Tour de France will use high-tech scanning system to find hidden motors

The bike race's governing body says it will use a tablet, case, adapter and custom software to test the frame, wheels and components in under a minute.

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Rochelle Garner is features editor for CNET News. A native of the mythical land known as Silicon Valley, she has written about the technology industry for more than 20 years. She has worked in an odd mix of publications -- from National Geographic magazine to MacWEEK and Bloomberg News.
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The Tour de France has been rooting out "enhanced" cyclists for years. Now the race is turning to special equipment to find actual motors that cyclists may hide in their bikes to give them an extra edge.

The Union Cycliste Internationale (UCI) said Monday it will conduct between 3,000 and 4,000 tests over the two-week event. (Teams typically bring multiple bikes for each rider and the expected conditions.) The UCI began using its new scanning system -- comprising a tablet, case, adapter and custom software -- in January, when it found a motor hidden in the bike of Belgian rider Femke Van den Driessche.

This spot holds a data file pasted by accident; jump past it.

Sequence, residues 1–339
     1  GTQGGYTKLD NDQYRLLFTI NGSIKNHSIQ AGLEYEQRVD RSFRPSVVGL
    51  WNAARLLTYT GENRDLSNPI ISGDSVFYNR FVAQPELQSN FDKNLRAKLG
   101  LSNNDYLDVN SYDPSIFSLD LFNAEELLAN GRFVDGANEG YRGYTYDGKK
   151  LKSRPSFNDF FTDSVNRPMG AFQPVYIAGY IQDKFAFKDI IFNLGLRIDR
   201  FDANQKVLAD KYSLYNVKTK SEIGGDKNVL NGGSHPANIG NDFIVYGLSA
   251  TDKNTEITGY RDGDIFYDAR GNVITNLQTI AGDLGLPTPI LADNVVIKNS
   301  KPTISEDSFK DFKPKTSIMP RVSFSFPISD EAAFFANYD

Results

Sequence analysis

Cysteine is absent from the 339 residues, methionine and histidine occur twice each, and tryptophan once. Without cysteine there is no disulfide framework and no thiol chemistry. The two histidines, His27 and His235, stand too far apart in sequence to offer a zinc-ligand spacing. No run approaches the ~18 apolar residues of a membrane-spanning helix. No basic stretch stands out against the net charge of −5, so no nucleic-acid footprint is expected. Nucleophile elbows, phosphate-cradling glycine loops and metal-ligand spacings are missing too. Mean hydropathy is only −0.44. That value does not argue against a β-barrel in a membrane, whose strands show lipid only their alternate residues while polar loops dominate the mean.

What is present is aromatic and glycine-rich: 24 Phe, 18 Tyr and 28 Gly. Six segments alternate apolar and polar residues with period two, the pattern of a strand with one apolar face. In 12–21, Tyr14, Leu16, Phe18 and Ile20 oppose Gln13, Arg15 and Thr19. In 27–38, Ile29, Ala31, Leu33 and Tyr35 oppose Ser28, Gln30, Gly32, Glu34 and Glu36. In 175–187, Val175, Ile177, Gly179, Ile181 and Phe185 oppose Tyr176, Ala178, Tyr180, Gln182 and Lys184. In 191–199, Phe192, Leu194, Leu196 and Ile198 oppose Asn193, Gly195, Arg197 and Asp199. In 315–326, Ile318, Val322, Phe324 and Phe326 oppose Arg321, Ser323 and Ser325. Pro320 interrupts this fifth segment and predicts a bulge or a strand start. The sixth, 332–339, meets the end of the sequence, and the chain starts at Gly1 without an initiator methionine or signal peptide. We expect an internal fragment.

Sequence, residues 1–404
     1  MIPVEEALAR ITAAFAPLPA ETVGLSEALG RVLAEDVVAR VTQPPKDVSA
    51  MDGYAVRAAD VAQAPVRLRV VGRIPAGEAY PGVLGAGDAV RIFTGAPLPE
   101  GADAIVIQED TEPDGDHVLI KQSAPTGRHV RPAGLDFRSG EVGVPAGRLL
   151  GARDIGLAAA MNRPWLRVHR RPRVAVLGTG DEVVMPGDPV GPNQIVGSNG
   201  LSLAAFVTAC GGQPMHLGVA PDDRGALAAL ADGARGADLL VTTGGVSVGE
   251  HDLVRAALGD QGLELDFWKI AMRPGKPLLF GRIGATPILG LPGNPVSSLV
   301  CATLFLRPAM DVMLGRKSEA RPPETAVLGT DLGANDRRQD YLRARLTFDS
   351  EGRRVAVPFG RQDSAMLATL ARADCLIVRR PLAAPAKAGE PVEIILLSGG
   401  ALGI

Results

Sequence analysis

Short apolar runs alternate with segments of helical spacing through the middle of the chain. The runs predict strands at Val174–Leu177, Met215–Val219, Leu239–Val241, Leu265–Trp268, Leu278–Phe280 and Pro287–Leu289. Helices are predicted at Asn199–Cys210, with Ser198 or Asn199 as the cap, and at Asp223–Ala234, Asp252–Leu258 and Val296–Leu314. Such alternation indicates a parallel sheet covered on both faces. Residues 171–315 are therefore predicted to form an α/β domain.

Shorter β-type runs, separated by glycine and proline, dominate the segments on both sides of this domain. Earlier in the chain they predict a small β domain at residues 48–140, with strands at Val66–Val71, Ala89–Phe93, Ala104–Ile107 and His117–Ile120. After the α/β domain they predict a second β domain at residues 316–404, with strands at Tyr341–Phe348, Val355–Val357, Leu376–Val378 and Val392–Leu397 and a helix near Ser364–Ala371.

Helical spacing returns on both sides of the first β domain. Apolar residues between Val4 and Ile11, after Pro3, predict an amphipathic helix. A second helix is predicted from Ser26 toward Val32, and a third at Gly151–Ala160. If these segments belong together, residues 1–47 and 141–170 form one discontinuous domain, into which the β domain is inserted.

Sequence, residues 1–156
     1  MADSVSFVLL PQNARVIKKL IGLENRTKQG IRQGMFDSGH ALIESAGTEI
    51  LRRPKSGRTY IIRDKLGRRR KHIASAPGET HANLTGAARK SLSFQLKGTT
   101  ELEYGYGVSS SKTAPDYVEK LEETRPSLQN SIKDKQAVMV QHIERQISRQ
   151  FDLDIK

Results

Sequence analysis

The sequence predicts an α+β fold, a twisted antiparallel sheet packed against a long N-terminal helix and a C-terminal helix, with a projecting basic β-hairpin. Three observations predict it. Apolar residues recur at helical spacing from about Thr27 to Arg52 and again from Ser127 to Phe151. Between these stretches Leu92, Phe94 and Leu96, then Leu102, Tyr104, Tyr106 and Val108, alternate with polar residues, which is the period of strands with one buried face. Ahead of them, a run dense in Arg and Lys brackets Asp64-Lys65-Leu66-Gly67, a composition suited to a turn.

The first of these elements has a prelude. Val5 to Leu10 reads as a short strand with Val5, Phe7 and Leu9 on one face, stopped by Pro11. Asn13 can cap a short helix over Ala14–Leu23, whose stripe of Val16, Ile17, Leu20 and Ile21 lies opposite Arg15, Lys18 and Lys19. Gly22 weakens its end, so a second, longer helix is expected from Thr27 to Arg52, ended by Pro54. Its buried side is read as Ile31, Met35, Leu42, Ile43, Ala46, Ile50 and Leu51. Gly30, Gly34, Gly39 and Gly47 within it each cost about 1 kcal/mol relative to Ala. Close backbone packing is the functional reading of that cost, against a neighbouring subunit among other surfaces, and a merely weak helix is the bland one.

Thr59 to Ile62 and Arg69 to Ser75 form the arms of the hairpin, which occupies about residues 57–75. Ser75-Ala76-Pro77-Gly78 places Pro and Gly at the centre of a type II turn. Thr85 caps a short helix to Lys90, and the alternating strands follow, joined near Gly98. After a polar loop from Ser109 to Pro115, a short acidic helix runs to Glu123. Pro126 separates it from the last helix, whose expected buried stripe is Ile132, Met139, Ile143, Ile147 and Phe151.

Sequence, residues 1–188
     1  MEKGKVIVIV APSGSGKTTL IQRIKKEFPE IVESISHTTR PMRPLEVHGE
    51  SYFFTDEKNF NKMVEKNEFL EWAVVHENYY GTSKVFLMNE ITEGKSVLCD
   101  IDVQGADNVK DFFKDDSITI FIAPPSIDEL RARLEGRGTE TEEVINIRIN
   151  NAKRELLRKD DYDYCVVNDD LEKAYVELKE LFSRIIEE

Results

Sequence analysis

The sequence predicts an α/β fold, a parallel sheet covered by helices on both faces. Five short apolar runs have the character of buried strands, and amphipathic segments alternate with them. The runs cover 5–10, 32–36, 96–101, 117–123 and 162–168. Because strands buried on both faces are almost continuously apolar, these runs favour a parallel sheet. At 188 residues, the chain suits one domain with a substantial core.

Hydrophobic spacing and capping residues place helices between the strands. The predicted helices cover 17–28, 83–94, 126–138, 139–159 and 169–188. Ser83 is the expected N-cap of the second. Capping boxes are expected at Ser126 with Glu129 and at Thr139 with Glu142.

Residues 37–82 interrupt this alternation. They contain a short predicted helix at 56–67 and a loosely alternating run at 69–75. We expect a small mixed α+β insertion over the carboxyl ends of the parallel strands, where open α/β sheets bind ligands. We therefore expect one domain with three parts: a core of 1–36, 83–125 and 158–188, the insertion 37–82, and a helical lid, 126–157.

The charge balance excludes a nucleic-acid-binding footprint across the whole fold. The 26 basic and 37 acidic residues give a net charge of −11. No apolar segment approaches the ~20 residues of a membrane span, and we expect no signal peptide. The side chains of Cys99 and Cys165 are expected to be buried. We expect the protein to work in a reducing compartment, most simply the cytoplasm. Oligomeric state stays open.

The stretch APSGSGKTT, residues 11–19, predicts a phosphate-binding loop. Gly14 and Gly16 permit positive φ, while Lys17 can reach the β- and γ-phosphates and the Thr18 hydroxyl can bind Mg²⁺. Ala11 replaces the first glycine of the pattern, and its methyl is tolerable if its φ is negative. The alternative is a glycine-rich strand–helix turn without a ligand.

She has since been banned from racing for six years.

"Since the beginning of the year, we are sending a clear message which is that there is literally nowhere to hide for anyone foolish enough to attempt to cheat in this way," UCI President Brian Cookson said in a statement. "A modified bike is extremely easy to detect with our scanners and we will continue to deploy them extensively throughout the Tour and the rest of the season."

The UCI says it can scan a complete bike -- including frame, wheels and components -- in less than a minute. If the scan finds anything "unusual," the bike or component will be dismantled so it can be inspected, the UCI said in a statement.

The 103rd Tour de France begins Saturday and will stretch over 21 stages and more than 3,500 kilometers before finishing July 24.